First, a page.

A Red Deer woman says she does everything she can to avoid going to the downtown.
Sharon Fisher, 75, who owned Delicates Bra Boutique in the Towne Centre Mall downtown for about five years, said one Saturday morning someone came into her business and assaulted her.
“He beat me up and left me for dead,” Fisher said of the incident that occurred in December 2005.
“It was more than frightening. It was horrifying. I was in the hospital for a week here in Red Deer. I had to go up to Edmonton and I had an operation up there. He beat my face really badly.”
Fisher needed to get a titanium plate under her eyeball “because the cheekbone got broken” and there was nothing to support the eye.
Many years later, Fisher still views the downtown as a dangerous place.
“I, like many people, don’t go downtown. I only have to because my hairdresser is there. That’s the only reason I ever go down there,” she said.
“It used to be a real nice place downtown. I moved here close to 60 years ago. Red Deer was a small town with a beautiful little downtown – it was just gorgeous. Over the years, of course things developed, more people come and things changed.”
This past January, Red Deer city council identified a potential location for a permanent emergency shelter – 4934 54., which is just next to the Red Deer River to the west of the downtown core.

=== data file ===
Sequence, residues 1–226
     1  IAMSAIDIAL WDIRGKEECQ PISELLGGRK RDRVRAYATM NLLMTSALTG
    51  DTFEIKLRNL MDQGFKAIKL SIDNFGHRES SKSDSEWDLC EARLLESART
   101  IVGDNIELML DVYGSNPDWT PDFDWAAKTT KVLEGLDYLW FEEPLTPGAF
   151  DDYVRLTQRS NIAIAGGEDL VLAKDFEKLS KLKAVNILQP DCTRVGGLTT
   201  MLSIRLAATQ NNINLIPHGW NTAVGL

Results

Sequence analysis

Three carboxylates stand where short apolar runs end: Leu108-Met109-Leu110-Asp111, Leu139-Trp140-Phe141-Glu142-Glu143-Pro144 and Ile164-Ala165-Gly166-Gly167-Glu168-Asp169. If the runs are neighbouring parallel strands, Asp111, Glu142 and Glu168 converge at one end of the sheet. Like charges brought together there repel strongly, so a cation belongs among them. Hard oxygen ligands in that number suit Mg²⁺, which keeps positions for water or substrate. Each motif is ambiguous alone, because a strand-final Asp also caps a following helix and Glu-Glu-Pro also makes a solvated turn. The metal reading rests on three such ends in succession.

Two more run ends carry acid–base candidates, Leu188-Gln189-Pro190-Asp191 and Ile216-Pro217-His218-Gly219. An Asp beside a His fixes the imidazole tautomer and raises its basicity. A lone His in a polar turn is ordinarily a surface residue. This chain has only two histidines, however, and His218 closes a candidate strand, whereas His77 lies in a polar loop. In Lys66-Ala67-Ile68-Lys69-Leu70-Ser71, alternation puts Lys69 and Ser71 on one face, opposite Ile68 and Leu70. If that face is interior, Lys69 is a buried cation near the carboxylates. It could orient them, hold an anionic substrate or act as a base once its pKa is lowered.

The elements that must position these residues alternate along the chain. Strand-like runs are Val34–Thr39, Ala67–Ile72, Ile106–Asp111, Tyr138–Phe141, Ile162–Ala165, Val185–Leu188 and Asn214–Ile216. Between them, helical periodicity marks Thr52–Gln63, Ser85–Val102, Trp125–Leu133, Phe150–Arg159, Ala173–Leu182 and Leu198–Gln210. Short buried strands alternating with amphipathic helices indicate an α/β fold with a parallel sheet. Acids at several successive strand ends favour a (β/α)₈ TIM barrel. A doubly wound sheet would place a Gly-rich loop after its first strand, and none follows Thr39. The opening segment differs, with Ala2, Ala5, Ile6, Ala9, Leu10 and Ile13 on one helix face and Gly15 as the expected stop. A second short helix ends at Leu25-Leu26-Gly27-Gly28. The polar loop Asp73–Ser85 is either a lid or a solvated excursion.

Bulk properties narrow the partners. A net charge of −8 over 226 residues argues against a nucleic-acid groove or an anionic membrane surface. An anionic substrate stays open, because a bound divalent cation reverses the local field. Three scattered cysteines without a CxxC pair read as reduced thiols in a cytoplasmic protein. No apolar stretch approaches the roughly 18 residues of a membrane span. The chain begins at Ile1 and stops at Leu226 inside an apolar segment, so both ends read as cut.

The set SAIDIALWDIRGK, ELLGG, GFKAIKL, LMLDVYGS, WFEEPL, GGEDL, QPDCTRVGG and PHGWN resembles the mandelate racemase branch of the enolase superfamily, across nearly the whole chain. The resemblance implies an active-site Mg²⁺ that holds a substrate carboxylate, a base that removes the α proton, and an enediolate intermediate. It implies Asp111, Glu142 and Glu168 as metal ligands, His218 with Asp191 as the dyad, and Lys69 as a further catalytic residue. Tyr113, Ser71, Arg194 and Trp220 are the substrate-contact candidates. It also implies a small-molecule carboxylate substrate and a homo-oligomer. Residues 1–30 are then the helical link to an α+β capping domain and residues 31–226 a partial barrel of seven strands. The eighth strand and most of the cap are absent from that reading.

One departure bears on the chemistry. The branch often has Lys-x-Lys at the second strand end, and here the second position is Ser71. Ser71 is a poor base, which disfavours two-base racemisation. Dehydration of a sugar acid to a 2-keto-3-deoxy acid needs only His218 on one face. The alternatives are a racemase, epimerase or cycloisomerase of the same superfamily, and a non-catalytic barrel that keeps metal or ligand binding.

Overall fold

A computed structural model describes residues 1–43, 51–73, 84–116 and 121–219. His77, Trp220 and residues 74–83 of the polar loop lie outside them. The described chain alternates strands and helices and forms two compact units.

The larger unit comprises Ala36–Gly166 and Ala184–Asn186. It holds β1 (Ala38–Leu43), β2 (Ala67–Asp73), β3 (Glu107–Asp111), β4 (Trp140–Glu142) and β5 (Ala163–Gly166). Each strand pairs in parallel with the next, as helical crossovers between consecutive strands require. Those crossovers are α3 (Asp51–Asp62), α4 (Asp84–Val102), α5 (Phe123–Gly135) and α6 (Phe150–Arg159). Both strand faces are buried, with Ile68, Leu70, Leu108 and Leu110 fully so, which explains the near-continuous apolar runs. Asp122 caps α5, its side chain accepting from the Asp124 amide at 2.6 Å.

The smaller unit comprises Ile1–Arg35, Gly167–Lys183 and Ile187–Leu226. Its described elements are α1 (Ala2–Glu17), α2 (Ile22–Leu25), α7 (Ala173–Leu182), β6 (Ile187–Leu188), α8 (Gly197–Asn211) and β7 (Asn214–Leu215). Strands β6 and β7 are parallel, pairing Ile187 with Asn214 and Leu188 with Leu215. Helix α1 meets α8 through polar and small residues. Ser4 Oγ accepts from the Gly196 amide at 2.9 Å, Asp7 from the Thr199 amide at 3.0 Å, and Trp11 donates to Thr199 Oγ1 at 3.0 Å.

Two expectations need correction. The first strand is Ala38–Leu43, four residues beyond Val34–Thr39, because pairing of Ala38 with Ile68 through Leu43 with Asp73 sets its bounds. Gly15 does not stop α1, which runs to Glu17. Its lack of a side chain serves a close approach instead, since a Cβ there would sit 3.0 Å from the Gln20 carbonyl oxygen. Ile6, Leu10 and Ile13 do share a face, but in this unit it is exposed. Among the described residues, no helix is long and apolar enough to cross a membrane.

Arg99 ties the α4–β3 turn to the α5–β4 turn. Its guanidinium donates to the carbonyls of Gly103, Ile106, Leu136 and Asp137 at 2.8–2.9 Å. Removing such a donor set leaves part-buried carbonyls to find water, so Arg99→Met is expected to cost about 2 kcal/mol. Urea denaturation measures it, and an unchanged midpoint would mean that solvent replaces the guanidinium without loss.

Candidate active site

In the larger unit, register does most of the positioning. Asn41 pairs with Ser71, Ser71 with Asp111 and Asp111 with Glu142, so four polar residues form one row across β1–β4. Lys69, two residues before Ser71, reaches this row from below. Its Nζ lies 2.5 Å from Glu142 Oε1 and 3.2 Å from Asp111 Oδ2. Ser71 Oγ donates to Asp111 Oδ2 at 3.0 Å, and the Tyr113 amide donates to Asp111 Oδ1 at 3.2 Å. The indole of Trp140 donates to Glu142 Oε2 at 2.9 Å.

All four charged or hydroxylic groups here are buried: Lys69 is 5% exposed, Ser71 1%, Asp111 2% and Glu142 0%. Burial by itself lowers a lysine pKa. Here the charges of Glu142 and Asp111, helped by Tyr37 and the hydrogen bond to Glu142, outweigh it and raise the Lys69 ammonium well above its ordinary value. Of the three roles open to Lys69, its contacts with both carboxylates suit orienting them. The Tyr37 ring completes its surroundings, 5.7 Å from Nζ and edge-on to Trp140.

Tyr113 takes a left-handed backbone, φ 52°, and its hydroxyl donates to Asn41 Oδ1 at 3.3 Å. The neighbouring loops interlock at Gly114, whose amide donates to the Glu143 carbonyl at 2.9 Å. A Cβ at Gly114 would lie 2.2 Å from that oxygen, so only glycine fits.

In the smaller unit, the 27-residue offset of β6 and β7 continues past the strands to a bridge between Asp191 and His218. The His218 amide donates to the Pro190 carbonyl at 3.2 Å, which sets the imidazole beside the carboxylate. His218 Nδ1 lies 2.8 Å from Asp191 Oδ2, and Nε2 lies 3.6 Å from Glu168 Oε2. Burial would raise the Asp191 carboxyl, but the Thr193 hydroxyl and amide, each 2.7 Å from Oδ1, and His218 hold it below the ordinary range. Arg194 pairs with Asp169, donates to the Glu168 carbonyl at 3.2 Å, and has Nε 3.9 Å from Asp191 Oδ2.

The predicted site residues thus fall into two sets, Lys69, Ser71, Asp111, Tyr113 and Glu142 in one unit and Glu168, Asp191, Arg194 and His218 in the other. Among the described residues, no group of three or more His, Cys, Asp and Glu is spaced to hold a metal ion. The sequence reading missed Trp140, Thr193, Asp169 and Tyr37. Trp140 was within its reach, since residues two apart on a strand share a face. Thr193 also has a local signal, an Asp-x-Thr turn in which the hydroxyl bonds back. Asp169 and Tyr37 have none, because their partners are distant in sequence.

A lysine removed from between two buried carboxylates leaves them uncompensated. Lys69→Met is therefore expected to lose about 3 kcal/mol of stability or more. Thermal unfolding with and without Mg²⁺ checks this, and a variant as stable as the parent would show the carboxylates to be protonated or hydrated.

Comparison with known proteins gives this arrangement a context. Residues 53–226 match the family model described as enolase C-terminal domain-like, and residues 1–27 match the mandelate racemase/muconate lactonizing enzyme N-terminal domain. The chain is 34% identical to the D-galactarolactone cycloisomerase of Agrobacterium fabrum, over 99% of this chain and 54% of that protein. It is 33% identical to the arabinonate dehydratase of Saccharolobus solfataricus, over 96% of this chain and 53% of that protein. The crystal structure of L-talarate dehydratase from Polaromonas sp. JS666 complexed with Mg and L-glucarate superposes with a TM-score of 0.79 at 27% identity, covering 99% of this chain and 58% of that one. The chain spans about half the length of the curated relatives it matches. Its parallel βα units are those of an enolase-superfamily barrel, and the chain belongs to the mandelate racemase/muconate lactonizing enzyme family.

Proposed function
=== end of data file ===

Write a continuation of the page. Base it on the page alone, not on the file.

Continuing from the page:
The proposed site at 4934 54 Ave., was originally a City of Red Deer Parks facility and is now being used for storage.
Fisher said she does not believe a permanent shelter should be put so close to the city’s core.
“I think the city is (going) in the wrong direction. It should be obvious what’s more important.”
In a recent online poll on The Advocate’s website, 74.06 per cent of people answered “no” to the question “Do you agree with Red Deer’s potential permanent shelter location on 54 Avenue?”
During a Red Deer and District Chamber of Commerce luncheon earlier this month, Mayor Ken Johnston told the local business community not to pre-judge the permanent homeless shelter project based on what’s downtown now.
He described the permanent shelter as having referrals for addiction treatment, mental health counselling, and housing placement. He also talked about having programs in place to divert people from having to use the shelter.
While “everyone has been doing their best” to deal with downtown problems — including businesses, social service agencies and city council — Johnston said he feels these “noble efforts” have been falling short because a more integrated infrastructure is needed to help people deal with personal crises including homelessness, addictions and mental illness.